Diocesan Museum (Cortona)
The Diocesan Museum in Cortona is an art museum in Cortona, Tuscany, Italy. Located on the former site of the local Church of Gesù, it houses works of art by artists such as Fra Angelico, Pietro Lorenzetti, Bartolomeo della Gatta, Luca Signorelli and Sassetta. The oldest item in the museum is a marble Roman sarcophagus (2nd century AD), depicting depicts the battle of Dionysus.
A room in the museum is specifically dedicated to the works of Luca Signorelli and his workshop, and emphasizes the bond between Signorelli and his hometown, and correspond to the artist's last years of work, from 1512 to 1523, the year of his death. Ten of the works bear the personal signature of Signorelli, the others are assumed to be from his workshop.
The large tempera on panel depiction of the Lamentation of Christ, which used to be in the church of S. Margaret of Cortona, was called "a rare form of art" by Giorgio Vasari. The predella, on which Girolamo Genga may have also worked displays scenes of the Passion such as of the Last Supper, Agony in the Garden, and the Flagellation of Christ. The Communion of the Apostles, by Signorelli, was painted for the high altar of the Church of Gesù, and has an unusual iconography in which the apostles are gathered around a table at the Last Supper, in a semicircle, standing or kneeling and around the figure of Christ. Only Judas, concealing his 30 pieces of silver faces the viewer, his glance revealing the inner struggle of betrayal. Another work attributed to Signorelli, or his workshop, is the 1519–1520 Assumption of the Virgin from the Cathedral of Cortona.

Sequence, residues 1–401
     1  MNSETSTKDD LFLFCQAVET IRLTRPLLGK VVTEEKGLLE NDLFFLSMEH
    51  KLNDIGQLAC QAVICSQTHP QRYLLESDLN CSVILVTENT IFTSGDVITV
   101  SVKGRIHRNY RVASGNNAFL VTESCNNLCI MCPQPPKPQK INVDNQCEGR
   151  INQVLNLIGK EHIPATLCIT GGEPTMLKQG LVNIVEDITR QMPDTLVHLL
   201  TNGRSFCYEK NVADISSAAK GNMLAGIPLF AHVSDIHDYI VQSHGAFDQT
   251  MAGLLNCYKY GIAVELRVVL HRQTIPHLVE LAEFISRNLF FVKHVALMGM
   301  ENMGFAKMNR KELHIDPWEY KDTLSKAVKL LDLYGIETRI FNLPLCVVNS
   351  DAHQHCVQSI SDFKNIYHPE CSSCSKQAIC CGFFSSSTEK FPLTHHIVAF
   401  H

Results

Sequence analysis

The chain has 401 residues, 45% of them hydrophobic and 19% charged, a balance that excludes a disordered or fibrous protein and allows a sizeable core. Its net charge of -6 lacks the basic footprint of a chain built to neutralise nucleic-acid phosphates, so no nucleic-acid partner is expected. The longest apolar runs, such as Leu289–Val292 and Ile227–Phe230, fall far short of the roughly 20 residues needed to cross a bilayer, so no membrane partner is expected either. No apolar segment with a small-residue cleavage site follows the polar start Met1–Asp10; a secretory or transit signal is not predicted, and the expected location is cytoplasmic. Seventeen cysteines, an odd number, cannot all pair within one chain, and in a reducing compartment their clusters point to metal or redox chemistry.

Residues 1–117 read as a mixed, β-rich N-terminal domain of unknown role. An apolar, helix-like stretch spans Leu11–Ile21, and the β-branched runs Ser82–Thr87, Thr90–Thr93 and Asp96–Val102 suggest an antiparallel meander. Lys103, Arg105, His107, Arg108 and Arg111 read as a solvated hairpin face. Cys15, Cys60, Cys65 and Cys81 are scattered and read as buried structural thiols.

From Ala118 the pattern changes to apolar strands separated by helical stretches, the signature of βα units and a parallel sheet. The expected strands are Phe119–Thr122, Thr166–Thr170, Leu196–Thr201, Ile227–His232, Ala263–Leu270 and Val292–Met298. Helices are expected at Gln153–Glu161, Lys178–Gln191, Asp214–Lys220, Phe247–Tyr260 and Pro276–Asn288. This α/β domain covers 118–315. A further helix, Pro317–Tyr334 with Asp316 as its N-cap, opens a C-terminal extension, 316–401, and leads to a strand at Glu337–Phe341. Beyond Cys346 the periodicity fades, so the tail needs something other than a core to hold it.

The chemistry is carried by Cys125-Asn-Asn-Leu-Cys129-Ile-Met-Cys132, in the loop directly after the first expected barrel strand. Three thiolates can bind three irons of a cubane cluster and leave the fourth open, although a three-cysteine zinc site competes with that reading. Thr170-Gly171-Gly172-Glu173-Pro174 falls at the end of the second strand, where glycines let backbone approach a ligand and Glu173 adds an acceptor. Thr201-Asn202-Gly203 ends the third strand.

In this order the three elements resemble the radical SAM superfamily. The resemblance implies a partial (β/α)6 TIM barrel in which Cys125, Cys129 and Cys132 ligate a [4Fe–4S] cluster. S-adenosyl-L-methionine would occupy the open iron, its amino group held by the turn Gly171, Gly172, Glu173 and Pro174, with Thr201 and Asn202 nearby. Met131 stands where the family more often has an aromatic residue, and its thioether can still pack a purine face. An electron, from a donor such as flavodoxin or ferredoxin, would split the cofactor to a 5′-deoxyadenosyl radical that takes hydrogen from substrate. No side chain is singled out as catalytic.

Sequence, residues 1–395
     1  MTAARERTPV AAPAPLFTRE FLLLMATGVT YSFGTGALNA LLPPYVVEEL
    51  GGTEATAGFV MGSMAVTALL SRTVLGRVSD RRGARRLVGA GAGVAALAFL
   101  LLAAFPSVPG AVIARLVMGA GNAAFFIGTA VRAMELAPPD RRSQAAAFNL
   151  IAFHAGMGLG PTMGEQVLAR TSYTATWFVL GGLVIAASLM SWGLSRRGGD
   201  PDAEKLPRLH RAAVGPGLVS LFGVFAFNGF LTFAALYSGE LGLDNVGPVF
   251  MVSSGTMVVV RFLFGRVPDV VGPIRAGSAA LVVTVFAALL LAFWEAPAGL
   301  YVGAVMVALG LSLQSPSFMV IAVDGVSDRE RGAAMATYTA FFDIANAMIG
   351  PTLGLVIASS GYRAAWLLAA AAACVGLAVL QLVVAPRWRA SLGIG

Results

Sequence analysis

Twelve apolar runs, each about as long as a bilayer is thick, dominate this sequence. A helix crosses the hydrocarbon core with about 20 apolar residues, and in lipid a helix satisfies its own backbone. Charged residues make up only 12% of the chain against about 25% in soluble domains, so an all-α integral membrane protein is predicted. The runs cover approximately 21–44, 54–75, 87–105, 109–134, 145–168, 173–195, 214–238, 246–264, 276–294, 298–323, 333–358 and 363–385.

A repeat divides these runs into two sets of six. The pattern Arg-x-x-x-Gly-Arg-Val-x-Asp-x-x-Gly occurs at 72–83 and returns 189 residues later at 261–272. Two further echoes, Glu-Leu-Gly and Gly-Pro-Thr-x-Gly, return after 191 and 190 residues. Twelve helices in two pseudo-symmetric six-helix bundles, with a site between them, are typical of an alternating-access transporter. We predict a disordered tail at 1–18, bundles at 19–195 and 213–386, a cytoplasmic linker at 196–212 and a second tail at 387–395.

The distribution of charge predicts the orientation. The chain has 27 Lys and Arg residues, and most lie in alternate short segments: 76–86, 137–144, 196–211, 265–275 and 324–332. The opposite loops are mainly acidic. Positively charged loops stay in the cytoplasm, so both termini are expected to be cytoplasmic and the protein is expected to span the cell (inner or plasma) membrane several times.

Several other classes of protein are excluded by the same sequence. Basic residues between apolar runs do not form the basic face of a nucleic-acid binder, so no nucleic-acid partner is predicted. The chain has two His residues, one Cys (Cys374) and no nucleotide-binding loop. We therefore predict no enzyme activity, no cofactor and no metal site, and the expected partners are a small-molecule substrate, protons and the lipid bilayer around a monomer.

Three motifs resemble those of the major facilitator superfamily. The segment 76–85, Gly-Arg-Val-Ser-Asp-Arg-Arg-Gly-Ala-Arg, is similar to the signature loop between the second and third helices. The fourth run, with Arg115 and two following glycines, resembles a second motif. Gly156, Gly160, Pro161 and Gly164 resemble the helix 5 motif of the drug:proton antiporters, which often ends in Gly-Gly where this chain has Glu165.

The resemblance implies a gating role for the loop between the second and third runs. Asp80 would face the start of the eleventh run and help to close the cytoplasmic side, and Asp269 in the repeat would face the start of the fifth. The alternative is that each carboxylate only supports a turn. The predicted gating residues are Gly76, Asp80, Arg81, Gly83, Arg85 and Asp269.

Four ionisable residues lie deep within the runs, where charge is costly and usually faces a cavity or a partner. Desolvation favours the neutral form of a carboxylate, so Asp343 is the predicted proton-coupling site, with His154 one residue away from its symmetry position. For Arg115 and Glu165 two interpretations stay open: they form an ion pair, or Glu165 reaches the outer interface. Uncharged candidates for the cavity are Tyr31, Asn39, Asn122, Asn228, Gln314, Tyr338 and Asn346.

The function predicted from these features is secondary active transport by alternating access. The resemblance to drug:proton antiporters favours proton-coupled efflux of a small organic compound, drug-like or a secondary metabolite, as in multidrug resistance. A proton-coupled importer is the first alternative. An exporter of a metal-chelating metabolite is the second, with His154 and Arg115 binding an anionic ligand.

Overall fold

Other major art in the museum include:
- The Cortona Triptych by Fra Angelico
- Madonna and Child by Niccolò di Segna (c. 1336)
- A large cross painted by Pietro Lorenzetti (1315–1320, from the church of San Marco)
- Maestà by Pietro Lorenzetti
- Triptych of the Madonna of Humility with Saints by Sassetta (c. 1434)
- Assumption by Bartolomeo della Gatta (1470–1475)
- Ecstasy of St. Margaret of Cortona by Giuseppe Maria Crespi (1701)